People who know me will know that one of the primary things I look for in a game is theme, perhaps above and beyond any other aspect of a game. If a game has a familiar-yet-fresh take on an intellectual property (IP) that I know and love, then it is likely that I will be taken by that particular game. Star Wars, The Lord of the Rings, Lovecraft … all of them rank highly with me on a personal level, but none of them come close to my emotional investment in the universe of A Song of Ice and Fire – the series of books that A Game of Thrones: The Card Game (AGOT LCG) is based on.
My history with tabletop gaming is short but deep. The board games I played as a kid included the usual; Monopoly, Chess, and Cluedo. Despite toying with Magic: The Gathering (MTG) in high school, my first true ‘gateway game’ came very late in the piece – after high school, in fact, when my friend introduced me to Settlers of Catan. After that, I came across A Game of Thrones: The Board Game (AGOT TBG), which flung me directly into the deep end. That game had everything – balanced and intuitive mechanics, replayability and, most important of all, richness in theme. My desire to backstab my friends and win was equal only to my desire to see unique battles and political manouevres play out in a way that could never happen in the books. My friends and I, who were all lovers of the series of novels but only casual board gamers at the time, spiralled into obsession. We played AGOT TBG religiously every weekend without fail for almost two years straight. We had memorised every card, every opening play, every strategy, and every counter-strategy.
But why carry on about AGOT TBG in an article apparently about AGOT LCG? Well, AGOT TBG was an important stepping stone into my descent into tabletop gaming. If Catan was the gateway drug, then AGOT TBG was a full blown trip. Spending 6 hours on a Saturday afternoon moving plastic pieces around to shatter the hopes and dreams of your mates was no longer an alien concept to me. And so it was in that context that, on a fateful Sunday in March 2014, my friend came over with a birthday gift for me: the AGOT LCG 1st Edition core set. Without that background of gaming in AGOT TBG, I would have considered it little more than a bit of jocular fun. Instead, it was the trigger that set off the powderkeg. If AGOT TBG was rich in theme and lore, then AGOT LCG was a gold mine.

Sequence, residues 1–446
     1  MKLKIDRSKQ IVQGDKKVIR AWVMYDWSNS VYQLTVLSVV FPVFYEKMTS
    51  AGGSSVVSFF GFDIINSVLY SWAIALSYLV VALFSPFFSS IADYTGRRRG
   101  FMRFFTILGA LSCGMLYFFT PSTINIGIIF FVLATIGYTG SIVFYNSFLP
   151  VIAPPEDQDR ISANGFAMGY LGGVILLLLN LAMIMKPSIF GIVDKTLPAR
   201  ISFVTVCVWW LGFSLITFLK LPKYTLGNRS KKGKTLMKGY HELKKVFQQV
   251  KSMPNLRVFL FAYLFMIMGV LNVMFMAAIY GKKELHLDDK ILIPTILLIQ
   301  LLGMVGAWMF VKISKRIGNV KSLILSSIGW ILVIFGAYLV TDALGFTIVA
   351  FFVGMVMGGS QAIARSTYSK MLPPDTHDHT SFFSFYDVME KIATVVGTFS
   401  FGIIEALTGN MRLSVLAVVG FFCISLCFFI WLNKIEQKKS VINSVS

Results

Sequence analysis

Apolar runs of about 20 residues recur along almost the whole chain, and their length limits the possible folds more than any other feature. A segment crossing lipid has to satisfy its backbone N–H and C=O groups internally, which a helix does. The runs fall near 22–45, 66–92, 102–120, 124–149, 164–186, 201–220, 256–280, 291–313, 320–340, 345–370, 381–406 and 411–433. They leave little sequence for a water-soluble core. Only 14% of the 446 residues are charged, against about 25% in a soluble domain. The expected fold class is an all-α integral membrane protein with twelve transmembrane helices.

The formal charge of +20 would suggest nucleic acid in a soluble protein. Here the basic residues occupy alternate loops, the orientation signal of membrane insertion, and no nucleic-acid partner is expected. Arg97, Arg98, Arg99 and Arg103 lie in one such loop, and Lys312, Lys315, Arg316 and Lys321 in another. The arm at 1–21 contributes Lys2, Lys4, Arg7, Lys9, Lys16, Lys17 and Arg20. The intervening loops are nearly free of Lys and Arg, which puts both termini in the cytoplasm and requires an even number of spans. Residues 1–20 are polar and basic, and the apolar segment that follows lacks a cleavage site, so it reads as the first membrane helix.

What do I mean? Well, AGOT LCG (at least in its more popular Joust variant) is a 1-on-1 competitive card game where both players play the role of a particular faction and build their deck with key characters, locations, attachments, and events of that faction. A plot deck allows them to do everything from facilitate mid-game machinations, to mitigate the naturally random nature of your draw deck. Perhaps the primary difference between AGOT LCG and a game like MTG is that there are three types of challenges: military, intrigue, and power. Military represents aggressive military battles, intrigue represents scheming and spying at court, and power challenges represent capturing the support of the realm.
Winning a military challenge forces the opponent to choose and kill a character, winning an intrigue challenge discards a card from your opponent’s hand at random, and winning a power challenge moves a power token from your opponent’s faction card to your own, getting you ever closer to that 15-power win condition. Oh, and one other thing that makes AGOT LCG different is that if characters are killed then they are just that – killed. You cannot play a new copy of a character that has already died, and characters (usually) stay dead. Truly, all men must die.